2005 Salt Lake City Annual Meeting (October 16–19, 2005)

Paper No. 4
Presentation Time: 8:00 AM-12:00 PM


HOFFMAN, Bernadette, ANTRIM, Pamella, MCNAMARA, James, NORTHRUP, C.J. and WILKINS, David, Department of Geosciences, Boise State University, 1910 University Drive, Boise, ID 83725, BernadetteHoffman@mail.boisestate.edu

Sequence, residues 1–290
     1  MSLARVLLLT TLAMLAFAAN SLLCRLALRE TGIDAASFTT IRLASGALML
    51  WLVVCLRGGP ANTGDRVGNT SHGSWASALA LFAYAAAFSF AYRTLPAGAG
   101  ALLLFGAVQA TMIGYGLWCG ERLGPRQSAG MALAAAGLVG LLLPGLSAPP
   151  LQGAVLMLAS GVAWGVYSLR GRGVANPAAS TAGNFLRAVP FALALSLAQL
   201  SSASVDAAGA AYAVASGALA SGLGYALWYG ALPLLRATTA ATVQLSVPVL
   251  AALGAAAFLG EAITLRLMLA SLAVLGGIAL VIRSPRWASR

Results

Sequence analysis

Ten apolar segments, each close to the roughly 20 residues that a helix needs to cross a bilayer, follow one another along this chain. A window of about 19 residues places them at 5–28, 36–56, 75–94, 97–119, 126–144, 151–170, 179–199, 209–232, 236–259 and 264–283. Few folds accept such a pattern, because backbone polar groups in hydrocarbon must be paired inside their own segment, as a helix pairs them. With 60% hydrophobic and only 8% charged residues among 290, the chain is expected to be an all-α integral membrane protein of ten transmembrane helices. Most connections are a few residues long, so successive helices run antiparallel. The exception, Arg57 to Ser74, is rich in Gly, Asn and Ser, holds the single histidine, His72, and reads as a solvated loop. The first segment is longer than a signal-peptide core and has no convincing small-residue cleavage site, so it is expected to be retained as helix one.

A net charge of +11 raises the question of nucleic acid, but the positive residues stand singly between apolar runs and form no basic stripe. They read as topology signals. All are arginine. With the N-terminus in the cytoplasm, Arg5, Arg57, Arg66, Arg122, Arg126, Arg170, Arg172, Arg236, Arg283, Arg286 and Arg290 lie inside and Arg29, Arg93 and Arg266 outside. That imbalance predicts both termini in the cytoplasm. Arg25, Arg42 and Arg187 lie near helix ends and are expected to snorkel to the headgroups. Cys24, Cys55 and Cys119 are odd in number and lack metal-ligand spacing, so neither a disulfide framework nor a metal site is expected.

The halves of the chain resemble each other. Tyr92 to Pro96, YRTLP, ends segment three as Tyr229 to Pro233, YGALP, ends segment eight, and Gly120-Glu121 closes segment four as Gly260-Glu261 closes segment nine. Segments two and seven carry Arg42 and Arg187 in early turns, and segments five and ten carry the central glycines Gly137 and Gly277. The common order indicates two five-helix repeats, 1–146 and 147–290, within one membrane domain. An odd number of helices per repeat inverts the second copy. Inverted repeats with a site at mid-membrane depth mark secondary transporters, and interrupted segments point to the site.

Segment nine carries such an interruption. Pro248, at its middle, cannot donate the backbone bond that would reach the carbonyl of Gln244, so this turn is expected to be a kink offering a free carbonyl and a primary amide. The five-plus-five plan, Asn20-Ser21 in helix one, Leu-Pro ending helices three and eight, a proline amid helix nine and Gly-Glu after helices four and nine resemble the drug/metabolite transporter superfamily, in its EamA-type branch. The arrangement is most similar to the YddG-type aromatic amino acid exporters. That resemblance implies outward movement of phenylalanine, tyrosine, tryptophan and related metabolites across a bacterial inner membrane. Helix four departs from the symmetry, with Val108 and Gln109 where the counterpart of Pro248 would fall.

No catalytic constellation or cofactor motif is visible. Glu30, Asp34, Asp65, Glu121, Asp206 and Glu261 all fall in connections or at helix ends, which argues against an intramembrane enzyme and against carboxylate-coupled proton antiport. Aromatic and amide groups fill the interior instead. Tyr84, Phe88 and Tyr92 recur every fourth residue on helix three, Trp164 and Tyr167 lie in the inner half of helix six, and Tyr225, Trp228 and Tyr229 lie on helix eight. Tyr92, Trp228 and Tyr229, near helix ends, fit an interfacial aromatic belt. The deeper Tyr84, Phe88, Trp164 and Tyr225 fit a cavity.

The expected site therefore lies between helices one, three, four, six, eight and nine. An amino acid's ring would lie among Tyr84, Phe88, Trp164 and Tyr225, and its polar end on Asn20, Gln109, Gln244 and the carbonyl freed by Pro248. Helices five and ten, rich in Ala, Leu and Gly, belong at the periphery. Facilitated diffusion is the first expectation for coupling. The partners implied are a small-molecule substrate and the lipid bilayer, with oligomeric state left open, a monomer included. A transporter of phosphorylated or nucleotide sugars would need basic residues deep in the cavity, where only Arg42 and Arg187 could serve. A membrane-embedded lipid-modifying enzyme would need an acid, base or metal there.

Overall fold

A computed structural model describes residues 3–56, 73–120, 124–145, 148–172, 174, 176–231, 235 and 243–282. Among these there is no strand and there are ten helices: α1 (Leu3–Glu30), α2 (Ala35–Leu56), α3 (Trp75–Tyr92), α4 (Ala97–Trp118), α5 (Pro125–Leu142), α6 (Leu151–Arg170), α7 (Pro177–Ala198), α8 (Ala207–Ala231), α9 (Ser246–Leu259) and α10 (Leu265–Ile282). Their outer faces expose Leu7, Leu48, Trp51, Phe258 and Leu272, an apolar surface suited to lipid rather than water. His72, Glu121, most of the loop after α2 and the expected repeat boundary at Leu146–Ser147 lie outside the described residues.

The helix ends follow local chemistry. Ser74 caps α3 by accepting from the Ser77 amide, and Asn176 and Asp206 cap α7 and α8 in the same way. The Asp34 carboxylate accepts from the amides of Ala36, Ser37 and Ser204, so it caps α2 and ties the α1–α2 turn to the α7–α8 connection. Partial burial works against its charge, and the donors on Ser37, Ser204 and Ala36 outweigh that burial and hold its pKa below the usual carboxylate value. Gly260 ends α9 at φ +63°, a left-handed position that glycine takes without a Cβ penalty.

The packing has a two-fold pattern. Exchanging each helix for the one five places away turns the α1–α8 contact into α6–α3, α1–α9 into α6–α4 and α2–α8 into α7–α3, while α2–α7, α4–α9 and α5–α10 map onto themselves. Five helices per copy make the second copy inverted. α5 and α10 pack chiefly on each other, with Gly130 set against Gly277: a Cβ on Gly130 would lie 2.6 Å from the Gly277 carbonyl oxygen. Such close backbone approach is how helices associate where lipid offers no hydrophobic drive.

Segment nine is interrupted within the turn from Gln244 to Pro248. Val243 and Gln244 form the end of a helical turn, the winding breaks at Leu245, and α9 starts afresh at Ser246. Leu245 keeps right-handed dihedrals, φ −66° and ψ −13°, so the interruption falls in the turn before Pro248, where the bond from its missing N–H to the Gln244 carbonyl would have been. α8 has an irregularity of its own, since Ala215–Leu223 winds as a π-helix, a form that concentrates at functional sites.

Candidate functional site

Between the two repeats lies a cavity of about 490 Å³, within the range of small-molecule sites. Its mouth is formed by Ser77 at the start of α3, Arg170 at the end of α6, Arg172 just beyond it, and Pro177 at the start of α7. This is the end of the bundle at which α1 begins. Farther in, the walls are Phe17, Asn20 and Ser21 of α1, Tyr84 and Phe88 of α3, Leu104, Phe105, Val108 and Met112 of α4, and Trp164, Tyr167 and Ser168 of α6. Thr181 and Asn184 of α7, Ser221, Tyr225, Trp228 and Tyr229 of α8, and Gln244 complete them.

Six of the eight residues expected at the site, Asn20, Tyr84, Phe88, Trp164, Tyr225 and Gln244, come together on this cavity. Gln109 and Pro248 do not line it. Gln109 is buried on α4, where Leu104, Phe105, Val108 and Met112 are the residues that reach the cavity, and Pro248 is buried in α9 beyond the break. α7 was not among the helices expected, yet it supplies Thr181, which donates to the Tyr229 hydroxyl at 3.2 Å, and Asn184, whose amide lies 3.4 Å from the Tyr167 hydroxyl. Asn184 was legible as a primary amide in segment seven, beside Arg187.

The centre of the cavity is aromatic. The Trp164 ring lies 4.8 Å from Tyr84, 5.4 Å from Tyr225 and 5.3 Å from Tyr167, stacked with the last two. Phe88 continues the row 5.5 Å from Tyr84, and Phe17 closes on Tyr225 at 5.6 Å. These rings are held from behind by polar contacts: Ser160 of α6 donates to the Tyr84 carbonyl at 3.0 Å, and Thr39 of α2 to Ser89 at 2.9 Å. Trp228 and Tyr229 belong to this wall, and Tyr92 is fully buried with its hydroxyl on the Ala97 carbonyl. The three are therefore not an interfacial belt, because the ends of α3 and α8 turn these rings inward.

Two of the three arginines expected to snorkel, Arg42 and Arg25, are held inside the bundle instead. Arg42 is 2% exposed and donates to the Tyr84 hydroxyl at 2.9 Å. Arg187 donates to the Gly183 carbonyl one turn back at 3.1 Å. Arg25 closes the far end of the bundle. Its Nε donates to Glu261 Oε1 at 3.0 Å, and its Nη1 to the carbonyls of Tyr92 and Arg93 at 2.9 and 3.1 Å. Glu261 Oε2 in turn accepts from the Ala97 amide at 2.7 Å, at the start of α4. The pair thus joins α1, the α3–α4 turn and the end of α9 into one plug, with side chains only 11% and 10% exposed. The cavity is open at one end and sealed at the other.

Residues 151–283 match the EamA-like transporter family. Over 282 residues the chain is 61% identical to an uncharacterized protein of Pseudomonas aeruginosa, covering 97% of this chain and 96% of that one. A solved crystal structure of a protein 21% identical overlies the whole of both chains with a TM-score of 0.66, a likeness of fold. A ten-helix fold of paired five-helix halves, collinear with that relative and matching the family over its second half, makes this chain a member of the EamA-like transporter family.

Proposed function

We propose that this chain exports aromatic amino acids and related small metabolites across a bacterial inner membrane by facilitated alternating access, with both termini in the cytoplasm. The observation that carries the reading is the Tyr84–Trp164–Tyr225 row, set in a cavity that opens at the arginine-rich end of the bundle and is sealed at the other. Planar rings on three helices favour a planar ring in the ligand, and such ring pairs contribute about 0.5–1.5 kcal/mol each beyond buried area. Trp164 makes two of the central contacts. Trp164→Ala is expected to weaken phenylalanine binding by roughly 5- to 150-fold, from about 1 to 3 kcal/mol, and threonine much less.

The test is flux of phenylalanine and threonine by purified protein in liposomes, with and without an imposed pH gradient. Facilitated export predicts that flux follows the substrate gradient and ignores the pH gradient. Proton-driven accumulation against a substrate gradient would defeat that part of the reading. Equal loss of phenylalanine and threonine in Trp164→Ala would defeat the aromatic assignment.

Infiltration of groundwater into impermeable bedrock requires fractures which act as conduits through which infiltration may occur. The intersection of fractures with the bedrock-soil interface is important to describing and quantifying infiltration to impermeable bedrock. Detailed field mapping and lineament analysis of the fracture network in the biotite-quartz monzonite Idaho Batholith has been undertaken to quantify the potential infiltration rate and estimate the recharge to aquifers in the Boise valley in such an impermeable bedrock environment. Previous geochemical and residence time studies have estimated that the contribution to recharge from the Idaho Batholith occurring to the north and northeast of Boise is important to the recharge of deep Boise valley aquifers however the quantity of recharge is unclear. The field mapping of joints has identified a mean strike direction of joints is N15W with a mean length of 1.26m and a mean aperture of 52mm. A mean strike direction of S80W has been calculated for the region within 100km of Dry Creek Experimental Watershed through spatial analysis of fault data sets available for the Idaho Batholith. Future results of this study will quantify the hydrogeologic parameters of permeability and porosity for the fractured rock mass. These parameters will improve estimates of the future sustainability of Boise groundwater supply.